All in all, that was a few bucks well spent.

Lets Play Like it’s Anno 1800

Okay, so if you love city builders and managing production chains, I’ve got a game for you! It has been a while since I’ve played a city builder that has grabbed my attention so much, and over 60 hours of game time so far. Just be warned, this is one of those games where you can really get stuck in a “just one more thing” mode until you realize it is way to late; but is that so bad?

So, what is Anno 1800? Just too keep it simple, it is a city builder that takes place within a fictional version of the 1800’s with a big focus on managing production chains to keep your citizens happy and build up your empire. Add to that, every map has you settling islands in an ocean, each with their own set of resources. So, instead of just setting up one super city, you need to settle multiple islands to make sure you can collect the resources you will need to help advance your colonies with more advanced production chains. This is my best description in a nutshell.

As for game modes, there is a Campaign mode that does a really good job of introducing you into how the game plays out while giving you a story to help drive your progression. There is also a Sandbox mode that you can customize however you want, great for just playing around with the game and taking the whatever time you need to better understand the different aspects of the game. Last, but not least, there is a Multiplayer mode. I’m not one for multiplayer, so I can’t really speak to much about it; but I expect it to be similar to Sandbox mode with AI, just with smarter AI.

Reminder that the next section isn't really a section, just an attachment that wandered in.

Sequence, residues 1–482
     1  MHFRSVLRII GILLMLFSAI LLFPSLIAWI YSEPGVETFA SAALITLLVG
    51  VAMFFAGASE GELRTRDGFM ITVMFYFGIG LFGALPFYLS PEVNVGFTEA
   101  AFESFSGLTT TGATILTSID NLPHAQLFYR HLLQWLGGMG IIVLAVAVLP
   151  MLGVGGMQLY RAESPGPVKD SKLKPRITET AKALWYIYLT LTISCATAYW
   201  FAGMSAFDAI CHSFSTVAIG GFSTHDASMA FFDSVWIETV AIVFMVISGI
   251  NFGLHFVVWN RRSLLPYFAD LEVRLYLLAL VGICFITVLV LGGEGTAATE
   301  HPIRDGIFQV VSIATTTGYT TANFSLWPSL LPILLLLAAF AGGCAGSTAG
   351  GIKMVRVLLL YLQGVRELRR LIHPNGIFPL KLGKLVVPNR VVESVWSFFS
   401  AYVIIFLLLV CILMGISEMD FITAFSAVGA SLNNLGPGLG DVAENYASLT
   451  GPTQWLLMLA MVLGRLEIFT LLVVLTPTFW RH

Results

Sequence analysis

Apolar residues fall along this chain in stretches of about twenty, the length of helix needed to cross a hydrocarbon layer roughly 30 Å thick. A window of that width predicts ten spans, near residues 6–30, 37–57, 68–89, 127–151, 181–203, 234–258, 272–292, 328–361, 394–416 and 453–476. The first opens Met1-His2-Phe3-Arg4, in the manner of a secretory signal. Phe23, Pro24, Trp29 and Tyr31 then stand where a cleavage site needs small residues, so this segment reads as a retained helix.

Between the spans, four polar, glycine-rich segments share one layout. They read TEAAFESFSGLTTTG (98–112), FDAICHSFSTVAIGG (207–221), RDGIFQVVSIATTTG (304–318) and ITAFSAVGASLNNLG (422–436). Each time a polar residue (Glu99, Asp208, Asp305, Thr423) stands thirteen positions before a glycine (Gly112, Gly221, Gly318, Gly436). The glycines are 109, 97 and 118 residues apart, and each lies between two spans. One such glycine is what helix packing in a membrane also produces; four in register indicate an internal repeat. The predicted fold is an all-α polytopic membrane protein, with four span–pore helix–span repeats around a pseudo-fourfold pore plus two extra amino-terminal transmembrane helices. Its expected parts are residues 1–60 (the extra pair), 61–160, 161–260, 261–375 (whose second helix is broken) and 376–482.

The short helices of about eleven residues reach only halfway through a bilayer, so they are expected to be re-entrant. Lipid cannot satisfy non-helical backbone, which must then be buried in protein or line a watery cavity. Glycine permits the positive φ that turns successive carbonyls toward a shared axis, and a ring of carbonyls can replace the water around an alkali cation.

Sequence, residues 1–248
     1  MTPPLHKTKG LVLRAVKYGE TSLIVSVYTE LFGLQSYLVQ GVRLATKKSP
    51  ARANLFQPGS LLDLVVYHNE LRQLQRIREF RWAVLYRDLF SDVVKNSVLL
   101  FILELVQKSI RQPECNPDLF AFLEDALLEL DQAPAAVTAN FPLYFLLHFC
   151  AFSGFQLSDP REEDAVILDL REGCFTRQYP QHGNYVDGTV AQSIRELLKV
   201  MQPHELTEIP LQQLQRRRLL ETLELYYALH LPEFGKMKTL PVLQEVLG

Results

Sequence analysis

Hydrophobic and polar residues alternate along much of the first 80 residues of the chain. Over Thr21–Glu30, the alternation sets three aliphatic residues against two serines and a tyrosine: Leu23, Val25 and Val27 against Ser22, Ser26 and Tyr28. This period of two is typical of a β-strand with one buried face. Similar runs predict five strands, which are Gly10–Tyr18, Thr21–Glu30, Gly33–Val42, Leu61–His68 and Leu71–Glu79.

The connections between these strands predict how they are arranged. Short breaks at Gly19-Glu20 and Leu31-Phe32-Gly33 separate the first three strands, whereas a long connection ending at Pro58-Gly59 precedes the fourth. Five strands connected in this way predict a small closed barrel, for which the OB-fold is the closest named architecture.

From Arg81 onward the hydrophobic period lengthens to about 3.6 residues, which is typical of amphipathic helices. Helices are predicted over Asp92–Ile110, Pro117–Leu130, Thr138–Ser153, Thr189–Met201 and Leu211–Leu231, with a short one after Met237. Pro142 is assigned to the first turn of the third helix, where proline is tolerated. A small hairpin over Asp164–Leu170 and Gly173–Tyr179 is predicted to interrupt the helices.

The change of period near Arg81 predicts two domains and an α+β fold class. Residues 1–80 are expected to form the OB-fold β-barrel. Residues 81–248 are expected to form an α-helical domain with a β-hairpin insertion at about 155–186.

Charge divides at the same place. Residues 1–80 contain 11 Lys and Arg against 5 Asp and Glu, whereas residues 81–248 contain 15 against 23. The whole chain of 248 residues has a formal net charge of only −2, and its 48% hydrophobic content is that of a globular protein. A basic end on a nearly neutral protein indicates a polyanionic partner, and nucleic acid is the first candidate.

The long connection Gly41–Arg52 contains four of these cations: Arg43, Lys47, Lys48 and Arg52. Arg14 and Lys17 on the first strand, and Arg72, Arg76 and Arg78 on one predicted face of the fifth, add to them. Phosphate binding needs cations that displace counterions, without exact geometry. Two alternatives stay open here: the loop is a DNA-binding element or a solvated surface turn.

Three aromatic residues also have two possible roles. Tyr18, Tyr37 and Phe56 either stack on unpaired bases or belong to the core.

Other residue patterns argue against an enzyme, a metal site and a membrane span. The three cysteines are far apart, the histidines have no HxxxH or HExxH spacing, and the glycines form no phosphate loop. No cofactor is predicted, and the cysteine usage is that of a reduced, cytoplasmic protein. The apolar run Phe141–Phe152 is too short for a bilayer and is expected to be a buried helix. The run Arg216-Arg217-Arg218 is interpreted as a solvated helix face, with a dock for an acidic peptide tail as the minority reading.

Where the game really shines, comes down to expanding and advancing your colonies by managing the many different production chains needed. The citizens of your colonies are broken up into hierarchies, each with their own needs, with some crossover, and each one being an upgrade to the previous hierarchies. Fortunately, you can’t just add the highest hierarchies from the start. You have to start at the bottom and work your way up. This is where you will eventually be forced to start colonizing new islands as there aren’t any with everything you need. This is where the navel aspect of the game comes into play. You can setup trade routes with other AI’s, with your other islands, or a different region. Fortunately, you don’t have to worry about this initially and becomes more critical the higher you advance, so no need to worry about setting up those trade routes right away.

Thanks to the added report system, it is fairly easy to manage the supply and demand of each chain. And yes, there are downsides to both going overboard with your supply and not covering demand. When you aren’t meeting the demand, you won’t have as many citizens, so you won’t be making as much money. Going overboard on supply, each production chain has it’s own maintenance cost, so you could be spending more keeping a chain running then you have citizens to buy the goods. There is definitely a balancing act, but it is honestly not that bad. Play through the campaign and you can get a good feel for how the production chains work without worrying to much, especially if you play on normal. You get some nice leeway; but there is always the option to just start over knowing what you now know. Not ashamed to admit I messed up my production chains so much, I dug myself so far into debt, I had no way to recover.

If you are a fan of the Anno series or are just a fan of city builders, I definitely recommend giving this game a go. It scratched all of those city builder itches I’ve been having as I haven’t played a city building in a while. It is also a very beautiful game with a lot of detail. You can get lost zooming all the way into your towns to see what is going on. Strongly recommended.